Preparation for the Interview
Prior to an interview, you should research the company and the position for which you’re interviewing. Following which, you should create a list a list of questions for the employer. Thorough preparation demonstrates interest, excitement, and intellect. This initiative shows that you came prepared with well constructed questions.
The Do’s and Don’ts of Interviewing
- Arrive early.
- Make sure the position and responsibilities are clearly communicated.
- Highlight your strengths and accomplishments as they pertain to positions.
- Dress professionally. FIRST IMPRESSIONS ARE LASTING IMPRESSIONS!
- Be conscientious of your body language; sit up straight, smile, make eye contact.
- Listen. Do not interrupt, however, do ask and answer questions at appropriate times.
- Turn your cell phone OFF.
- Bring several copies of your resume and professional references.
- Chew gum, smoke, or wear heavy perfume or cologne.
- Talk in a derogatory manner about present or past employers.
- Make yourself at home, be professional.
- Answer questions that you are not sure of the meaning, ask the employer to be more specific or repeat themselves. Think before you speak.
- Use slang-speak in proper English.
- Discuss compensation and benefit packages during first interview.
- What motivated the company to fill this position?
- What do you see for the future of this position?
- What opportunities for growth are there for myself and for the company as a whole?
- What is the company seeking in the person they will be hiring, aside from the necessary technical skills, and what type of person is successful in this department?
While the questions that will be asked during the interview process are not always going to be the same, below we have listed a few commonly asked questions for your review. Your task is to answer them in a way that convinces the potential employer that you are the right person for the job.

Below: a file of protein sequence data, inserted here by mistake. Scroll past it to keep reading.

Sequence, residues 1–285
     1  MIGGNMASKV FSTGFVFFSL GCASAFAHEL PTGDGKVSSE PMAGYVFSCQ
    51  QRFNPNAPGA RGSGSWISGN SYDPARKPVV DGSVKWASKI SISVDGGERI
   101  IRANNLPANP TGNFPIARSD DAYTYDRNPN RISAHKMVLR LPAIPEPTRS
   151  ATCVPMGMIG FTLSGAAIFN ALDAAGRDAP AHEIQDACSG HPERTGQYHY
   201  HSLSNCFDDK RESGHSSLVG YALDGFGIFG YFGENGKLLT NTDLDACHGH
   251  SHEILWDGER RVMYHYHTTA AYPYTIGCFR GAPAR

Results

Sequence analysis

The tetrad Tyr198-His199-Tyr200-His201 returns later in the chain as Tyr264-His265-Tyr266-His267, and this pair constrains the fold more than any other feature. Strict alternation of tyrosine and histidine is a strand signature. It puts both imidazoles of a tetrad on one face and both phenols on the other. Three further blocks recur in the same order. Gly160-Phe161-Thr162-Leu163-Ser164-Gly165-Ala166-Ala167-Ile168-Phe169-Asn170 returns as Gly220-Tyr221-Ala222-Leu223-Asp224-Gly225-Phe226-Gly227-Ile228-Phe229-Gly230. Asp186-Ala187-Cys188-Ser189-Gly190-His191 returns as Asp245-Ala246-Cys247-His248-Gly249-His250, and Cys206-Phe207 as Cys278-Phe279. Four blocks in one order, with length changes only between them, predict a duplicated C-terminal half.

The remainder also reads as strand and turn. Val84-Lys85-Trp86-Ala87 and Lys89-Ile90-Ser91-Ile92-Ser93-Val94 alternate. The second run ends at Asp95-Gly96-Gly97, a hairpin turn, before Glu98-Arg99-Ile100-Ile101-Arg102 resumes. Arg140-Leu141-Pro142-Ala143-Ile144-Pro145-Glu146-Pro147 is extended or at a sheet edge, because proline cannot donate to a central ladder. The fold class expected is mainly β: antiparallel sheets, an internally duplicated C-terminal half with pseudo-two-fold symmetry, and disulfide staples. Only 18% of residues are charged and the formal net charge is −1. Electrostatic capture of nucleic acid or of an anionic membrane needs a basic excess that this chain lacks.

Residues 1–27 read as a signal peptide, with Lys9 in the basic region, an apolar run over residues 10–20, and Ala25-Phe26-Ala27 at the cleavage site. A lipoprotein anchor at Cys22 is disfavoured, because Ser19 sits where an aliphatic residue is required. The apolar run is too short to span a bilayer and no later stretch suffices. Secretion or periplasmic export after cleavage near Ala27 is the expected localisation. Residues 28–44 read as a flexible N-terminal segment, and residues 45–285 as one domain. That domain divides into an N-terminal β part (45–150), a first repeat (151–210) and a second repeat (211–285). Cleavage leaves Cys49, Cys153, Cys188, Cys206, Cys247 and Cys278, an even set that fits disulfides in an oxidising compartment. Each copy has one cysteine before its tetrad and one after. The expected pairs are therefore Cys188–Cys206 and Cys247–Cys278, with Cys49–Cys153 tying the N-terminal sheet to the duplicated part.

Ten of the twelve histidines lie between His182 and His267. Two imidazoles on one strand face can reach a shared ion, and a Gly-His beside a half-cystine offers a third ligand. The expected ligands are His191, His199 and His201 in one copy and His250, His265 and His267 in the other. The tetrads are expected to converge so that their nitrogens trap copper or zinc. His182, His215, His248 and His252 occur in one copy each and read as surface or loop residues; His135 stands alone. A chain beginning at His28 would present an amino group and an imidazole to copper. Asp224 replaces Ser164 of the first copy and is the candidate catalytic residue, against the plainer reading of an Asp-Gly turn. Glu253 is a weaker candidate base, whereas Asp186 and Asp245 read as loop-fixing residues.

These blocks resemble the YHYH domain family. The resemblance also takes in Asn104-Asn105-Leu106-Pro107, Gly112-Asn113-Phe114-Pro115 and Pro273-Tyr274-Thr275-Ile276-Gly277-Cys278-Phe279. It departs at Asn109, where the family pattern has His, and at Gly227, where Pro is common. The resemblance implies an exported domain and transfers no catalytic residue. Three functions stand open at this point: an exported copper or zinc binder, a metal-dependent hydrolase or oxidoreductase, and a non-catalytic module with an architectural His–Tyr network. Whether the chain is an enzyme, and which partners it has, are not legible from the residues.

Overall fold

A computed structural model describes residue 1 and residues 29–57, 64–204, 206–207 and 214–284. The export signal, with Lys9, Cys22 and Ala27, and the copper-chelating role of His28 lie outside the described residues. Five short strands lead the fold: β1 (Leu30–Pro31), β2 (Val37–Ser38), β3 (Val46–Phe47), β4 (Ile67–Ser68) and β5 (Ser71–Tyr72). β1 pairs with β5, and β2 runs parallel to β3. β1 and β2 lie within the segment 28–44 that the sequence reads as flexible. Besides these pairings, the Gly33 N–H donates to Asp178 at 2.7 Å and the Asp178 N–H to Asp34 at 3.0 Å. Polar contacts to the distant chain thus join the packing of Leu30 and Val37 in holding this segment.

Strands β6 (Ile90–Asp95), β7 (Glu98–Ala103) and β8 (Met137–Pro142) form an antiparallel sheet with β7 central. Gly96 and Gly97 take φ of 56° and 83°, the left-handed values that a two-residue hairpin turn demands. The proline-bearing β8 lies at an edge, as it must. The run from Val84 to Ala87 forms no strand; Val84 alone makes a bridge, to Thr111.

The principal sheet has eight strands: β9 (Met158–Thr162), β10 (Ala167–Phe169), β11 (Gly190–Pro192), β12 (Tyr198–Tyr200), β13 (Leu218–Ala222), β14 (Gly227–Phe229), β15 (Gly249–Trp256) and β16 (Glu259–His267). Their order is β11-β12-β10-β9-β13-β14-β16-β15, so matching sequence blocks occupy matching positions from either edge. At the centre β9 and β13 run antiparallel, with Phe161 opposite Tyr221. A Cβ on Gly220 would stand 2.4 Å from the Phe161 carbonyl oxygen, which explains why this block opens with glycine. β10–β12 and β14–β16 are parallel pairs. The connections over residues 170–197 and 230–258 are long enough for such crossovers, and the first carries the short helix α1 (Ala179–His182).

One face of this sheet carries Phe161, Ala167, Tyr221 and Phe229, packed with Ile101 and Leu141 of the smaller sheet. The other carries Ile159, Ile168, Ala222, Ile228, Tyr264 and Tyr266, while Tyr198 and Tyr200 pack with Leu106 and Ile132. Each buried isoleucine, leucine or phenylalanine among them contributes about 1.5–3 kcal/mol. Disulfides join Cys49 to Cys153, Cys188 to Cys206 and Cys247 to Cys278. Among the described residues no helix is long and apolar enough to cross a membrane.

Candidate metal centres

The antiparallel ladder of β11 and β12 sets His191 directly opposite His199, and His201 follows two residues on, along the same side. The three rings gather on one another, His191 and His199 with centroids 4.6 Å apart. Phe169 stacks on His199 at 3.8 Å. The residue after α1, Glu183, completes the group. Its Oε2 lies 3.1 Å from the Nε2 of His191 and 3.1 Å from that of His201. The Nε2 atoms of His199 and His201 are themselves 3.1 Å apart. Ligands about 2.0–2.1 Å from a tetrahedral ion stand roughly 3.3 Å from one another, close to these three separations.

- Tell me a little bit about yourself. When answering this question, keep it professional and relevant to the position interviewing for.
- Why are you interested in working for our organization? How do you think you will fit into this operation? State the positive things that you have learned about the company and how they fit with your career goals. This shows the employer that you cared enough about the interview to prepare for it.
- How would your co workers describe you?
This is another way of asking “How do you think you will fit in?” You can prepare for this question before the interview by asking friends and/or people you have worked with how they would describe you.
- What are your strengths? Or, if you were hired, what ideas/talents could you contribute to the position or our company?
These questions give you an opportunity to sell yourself as the best candidate for the job. Be sure to show how your strengths could be used on the job and could benefit the company.
- What have been your most significant career accomplishments to date? Give examples of ways in which you saved the company time or money or developed an office procedure that improved efficiency.
- Give an example of how you solved a problem in the past.
It is important to be able to show the process that you go through when presented with a problem. State the problem and describe the steps that you followed to reach the solution.
- Describe a situation in which your work was criticized. Focus on how you solved the situation, and let the interviewer know how you overcame it and became a better person because of it
- Describe your best/worst boss.
Be careful not to present a negative picture of any past employers. If given a choice, always talk about your best boss. If pressed to describe the worst boss, pick a work-related characteristic that can be stated in a positive way. For example, “I had a supervisor who was vague when issuing assignments. I learned to ask questions so that I knew what was expected.”
- In a job, what interests you the most/least?
Use this question to demonstrate how well you would fit the job being discussed. When discussing what you are least interested in, try to demonstrate a positive attitude
- What have you done to develop or change in the last few years?
Use this question to show that you are willing to be challenged and to improve. Employers are looking for people who are willing to continue learning. Talk about formal and informal educational opportunities that you have pursued. Mention books and periodicals you have read that are related to your field of interest.
- Where do you see yourself in three years?
Telling the interviewer, “In your job!” is not a good idea. Instead, indicate that you hope to acquire sufficient skills and knowledge within that time to make a positive contribution to the company.
- Be sure you obtain the interviewers business card.
- Send a thank-you note with-in 24 hours.
- Shake the interviewers hand and say thank you.
- Inquire as to when a decision will be made about this position?
- Inquire about next step in the decision making process?